Do not repeat colonoscopy for at least five years for patients who have one or two small (<1cm) adenomatous polyps, without high-grade dysplasia or villous histology, completely removed via a high-quality colonoscopy.
The timing of a follow-up surveillance colonoscopy should be determined based on the results of a previous high-quality colonoscopy. Evidence-based (published) guidelines provide recommendations that patients with one or two small tubular adenomas with low grade dysplasia have surveillance colonoscopy five to 10 years after initial polypectomy. “The precise timing within this interval should be based on other clinical factors (such as prior colonoscopy findings, family history, and the preferences of the patient and judgment of the physician).”
The American Gastroenterological Association (AGA) convened a work group that included members from the Clinical Practice and Quality Management Committee (CPQMC), chair of the Practice Management and Economics Committee (PMEC), the chief medical officer for the AGA Digestive Health Outcomes Registry® and members of the AGA Institute Governing Board. Ideas for the “five things” were solicited from the workgroup for review by the CPQMC, which developed additional topics, resulting in six draft items. The workgroup continued to pare down and refine the list, before submitting a final draft to both the CPQMC and the PMEC for approval. After final refinements were made to simplify language and avoid complex clinical terminology, the final list was submitted to and approved by the AGA Institute Governing Board. AGA’s disclosure and conflict of interest policy can be found at www.gastro.org.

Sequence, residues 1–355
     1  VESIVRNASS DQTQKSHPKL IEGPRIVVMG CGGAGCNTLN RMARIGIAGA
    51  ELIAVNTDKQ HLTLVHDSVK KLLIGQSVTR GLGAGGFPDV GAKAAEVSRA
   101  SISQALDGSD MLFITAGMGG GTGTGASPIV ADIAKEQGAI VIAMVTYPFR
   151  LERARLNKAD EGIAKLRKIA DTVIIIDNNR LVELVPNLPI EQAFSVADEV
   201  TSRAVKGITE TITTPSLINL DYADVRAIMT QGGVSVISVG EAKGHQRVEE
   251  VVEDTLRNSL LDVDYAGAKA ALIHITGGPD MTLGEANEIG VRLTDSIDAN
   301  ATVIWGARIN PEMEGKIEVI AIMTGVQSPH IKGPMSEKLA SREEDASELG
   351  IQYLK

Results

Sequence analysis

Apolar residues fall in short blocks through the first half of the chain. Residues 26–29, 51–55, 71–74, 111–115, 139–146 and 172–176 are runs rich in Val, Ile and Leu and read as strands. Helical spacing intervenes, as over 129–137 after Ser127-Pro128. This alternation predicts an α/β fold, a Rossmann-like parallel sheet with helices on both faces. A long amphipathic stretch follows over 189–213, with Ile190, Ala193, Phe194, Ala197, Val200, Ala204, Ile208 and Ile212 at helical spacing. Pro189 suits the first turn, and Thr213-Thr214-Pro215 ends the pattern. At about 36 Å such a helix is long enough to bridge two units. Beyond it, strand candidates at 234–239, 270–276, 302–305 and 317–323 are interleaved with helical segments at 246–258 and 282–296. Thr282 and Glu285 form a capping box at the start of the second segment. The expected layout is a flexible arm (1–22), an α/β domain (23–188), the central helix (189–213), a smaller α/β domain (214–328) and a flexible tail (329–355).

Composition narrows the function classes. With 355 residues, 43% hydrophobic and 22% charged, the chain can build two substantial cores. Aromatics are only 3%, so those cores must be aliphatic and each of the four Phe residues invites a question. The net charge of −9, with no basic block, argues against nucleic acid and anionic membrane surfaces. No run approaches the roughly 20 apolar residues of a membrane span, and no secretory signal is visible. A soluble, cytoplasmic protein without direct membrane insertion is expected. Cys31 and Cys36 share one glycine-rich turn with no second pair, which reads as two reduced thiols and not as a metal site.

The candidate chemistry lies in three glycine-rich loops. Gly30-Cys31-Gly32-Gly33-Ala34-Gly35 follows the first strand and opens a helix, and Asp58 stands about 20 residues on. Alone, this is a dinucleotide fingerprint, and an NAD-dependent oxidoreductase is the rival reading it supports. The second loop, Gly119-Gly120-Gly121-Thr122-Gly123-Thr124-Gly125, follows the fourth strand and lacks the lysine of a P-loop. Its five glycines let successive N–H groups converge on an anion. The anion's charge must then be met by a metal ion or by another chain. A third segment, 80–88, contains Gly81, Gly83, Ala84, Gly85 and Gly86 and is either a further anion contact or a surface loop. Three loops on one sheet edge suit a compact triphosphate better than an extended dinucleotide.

Levin B et. al. Screening and Surveillance for the Early Detection of Colorectal Cancer and Adenomatous Polyps, 2008: A Joint Guideline From the American Cancer Society, the US Multi-Society Task Force on Colorectal Cancer, and the American College of Radiology. Gastroenterology, 2008.
Rex et. al. Quality indicators for colonoscopy. Gastrointestinal Endoscopy, 2006.